During 1951/52 she obtained an important government advisory role (Hauptreferentin) on languages teaching to the Department for Higher and Technical Education ("Staatssekretariat für Hochschulwesen"). During 1951/1952 Schober transferred with her mentor from Halle to the Humboldt University of Berlin where she took a professorship and a teaching post. Klemperer was by now well past the conventional retirement age, and it was evident that Rita Schober was being prepared to take over from him as head of the university Institute for Romance studies. Meanwhile, her habilitation of George Sand was deferred and then abandoned. She had found no complete collection of the author's work and certainly, in her words, no "scholarly" complete collection ("...keine wissenschaftliche Ausgabe "). She had married Robert Schober in 1950 and the birth of Hans-Robert Schober (1951–2012) diverted her energies. At the professional level, by the time the move from Halle to Berlin had been competed she had been introduced to François Zola, Emile Zola's son, who at that point was still alive, through the mediation of the energetic "Zola specialist", Henri Mitterand. When Rita Schober finally completed her habilitation, her subject would be not George Sand but Emile Zola.


With her mother, she settled in Halle in 1946, where she took a post as a research assistant with the Romance studies department, which she now helped to re-establish at the university. Halle had ended the war administered as part of the Soviet occupation zone (to be relaunched in October 1949 as the Soviet sponsored German Democratic Republic ("East Germany")). In 1947 her responsibilities expanded to include a teaching position in Old French and Old Provençal. She later explained that had made a conscious decision, when forced to flee to Germany, to settle in the Soviet occupation zone rather than in one of the three "western" zones administered by the British, the Americans and the French, because she anticipated a more rapid Denazification process under the Soviet administrators. During the chaotic closing chapter of the war she had indeed joined the Communist Party in Prague, shortly before leaving the country. During 1946 she had been one of tens of thousands of early joiners of the new Socialist Unity Party ("Sozialistische Einheitspartei Deutschlands" / SED), created under contentious circumstances during April of that year. Between 1949 and 1989 the SED would be the ruling party in a new kind of German one party dictatorship, operated according to the Leninist precepts developed in the Soviet Union during the 1920s and 1930s. Schober would later recall that between 1946 and 1948 she was employed as a research assistant in a university department without its own head. That changed in 1948 with the arrival of Victor Klemperer, a noted scholar of Romance languages, who took on the leadership of the Romance Studies Institute at the University of Halle. Under Klemperer's leadership she also became a dean of studies in 1949 and began work on her Habilitation project which concerned the popular nineteenth-century French novelist George Sand.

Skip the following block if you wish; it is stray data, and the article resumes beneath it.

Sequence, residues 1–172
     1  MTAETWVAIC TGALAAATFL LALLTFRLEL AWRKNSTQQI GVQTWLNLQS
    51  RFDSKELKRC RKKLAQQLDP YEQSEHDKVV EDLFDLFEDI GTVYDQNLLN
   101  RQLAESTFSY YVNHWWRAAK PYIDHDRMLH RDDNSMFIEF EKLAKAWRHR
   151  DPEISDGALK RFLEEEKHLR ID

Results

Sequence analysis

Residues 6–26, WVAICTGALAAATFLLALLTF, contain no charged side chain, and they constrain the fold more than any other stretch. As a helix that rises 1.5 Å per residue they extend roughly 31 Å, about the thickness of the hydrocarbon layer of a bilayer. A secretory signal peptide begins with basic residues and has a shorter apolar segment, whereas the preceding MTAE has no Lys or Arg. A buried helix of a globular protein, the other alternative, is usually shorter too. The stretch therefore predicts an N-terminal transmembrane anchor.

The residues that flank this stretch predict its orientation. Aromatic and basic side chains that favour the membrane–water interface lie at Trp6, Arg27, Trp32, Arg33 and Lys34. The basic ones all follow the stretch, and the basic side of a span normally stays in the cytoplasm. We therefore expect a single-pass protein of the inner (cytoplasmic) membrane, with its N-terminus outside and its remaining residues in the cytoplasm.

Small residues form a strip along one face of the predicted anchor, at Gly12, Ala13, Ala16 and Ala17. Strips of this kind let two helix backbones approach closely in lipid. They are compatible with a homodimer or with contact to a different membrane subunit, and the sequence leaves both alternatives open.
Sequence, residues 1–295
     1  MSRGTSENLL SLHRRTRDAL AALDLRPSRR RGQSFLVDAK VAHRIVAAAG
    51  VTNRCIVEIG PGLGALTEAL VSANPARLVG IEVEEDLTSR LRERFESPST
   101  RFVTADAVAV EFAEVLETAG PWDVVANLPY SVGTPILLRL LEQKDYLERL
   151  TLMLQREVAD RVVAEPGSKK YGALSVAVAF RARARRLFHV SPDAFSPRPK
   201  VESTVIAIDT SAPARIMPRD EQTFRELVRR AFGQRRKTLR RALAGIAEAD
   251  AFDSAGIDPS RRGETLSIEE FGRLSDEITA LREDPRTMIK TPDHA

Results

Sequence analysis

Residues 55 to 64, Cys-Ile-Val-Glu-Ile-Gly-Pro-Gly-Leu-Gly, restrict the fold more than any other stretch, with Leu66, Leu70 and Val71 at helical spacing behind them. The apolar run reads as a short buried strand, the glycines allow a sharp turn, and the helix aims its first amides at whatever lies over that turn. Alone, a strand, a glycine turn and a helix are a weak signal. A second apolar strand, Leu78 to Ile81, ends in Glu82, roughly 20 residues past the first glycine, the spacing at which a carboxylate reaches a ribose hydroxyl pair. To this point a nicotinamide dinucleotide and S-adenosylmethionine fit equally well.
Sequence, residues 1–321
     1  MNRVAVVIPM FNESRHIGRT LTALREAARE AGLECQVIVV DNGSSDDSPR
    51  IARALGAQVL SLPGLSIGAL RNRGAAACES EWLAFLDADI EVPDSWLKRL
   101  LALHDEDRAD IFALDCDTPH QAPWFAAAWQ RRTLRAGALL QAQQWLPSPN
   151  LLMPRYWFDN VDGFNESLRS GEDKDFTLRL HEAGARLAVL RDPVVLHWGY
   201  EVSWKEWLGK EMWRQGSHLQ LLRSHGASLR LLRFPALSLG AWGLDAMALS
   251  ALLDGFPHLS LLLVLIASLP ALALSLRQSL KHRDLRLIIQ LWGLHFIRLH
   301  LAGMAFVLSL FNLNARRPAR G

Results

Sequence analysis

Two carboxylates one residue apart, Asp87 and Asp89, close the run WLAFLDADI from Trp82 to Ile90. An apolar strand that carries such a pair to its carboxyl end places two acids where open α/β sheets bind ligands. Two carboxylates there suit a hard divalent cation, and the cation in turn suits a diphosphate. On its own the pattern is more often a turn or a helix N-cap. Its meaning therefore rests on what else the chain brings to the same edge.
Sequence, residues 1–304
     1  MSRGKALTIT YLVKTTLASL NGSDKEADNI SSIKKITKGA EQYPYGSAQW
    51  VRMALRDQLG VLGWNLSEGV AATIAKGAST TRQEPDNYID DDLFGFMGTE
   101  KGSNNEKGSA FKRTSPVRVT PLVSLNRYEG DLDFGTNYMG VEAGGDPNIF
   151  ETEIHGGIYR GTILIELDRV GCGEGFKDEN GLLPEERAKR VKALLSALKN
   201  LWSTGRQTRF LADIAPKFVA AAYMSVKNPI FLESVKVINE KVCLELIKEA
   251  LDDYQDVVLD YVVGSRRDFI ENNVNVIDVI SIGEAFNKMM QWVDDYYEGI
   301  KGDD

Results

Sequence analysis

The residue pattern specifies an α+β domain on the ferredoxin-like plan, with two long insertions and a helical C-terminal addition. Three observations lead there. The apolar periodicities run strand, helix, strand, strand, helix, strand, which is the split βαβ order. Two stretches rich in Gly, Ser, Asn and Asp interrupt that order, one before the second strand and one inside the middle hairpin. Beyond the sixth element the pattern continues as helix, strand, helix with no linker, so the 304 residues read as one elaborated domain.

Rita Tomaschek was born and grew up in Rumburg (as Rumburk was then known), a small manufacturing town near the northern tip of Bohemia, in what was at that time part of the Austro-Hungarian Empire. The town was overwhelmingly ethnically and linguistically German. (It became predominantly Czechoslovak after 1945.) Her father was a clerical worker. Her mother worked in garment manufacturing. Between 1928 and 1936 Rita Tomaschek attended the secondary school (Realgymnasium) in Rumburg, before moving on to study at the German University in Prague between 1938 and 1940, and then again during 1944/45. As a child her longstanding ambition was to become a school teacher, but after she moved to Prague she modified this goal, setting her sights instead on a career in the universities sector. The focus of her undergraduate university career was on Romance studies and Classical Philology. According to one source she was obliged to combine study with paid employment since otherwise there were no family funds available to finance her university education. It was presumably also to the pressures arising from the war her student career was not unbroken. The needs of the military and the slaughter of war created a desperate shortage of teachers: between October 1940 and 1943, and again from December 1944 till December 1945, she worked as an assistant Latin teacher at a secondary school (Gymnasium) in Warnsdorf, near her parents' home. One of the children whom she taught was Peter H. Feist (1928 – 2015) who later became a distinguished East German art historian.

By the summer of 1945 Rita Hetzer, now aged 27, was a widow. She had married Hans Hetzer, another art historian, in 1940, but he had gone missing in 1943 and was presumed to have been killed while taking part at the Battle of Stalingrad. In March of that year she had received her doctorate from Prague University. The discipline was Linguistics and her dissertation concerned the suffix "-age" in the French language. The work was supervised by Erhard Preißig who surprised and delighted her early in 1945 by offering her an academic job, working for him. The opportunity to embark on a university career at a time like this represented a dream come true. Unfortunately, however, Erhard Preißig died in Prague a few months later. In any case, the post–war ethnic cleansing made it impossible for ethnic Germans to stay in newly liberated Czechoslovakia. Like tens of thousands of others, Rita Hetzer emigrated.


Rita Schober (née Tomaschek; 13 June 1918 – 26 December 2012) was a German scholar of Romance studies and literature.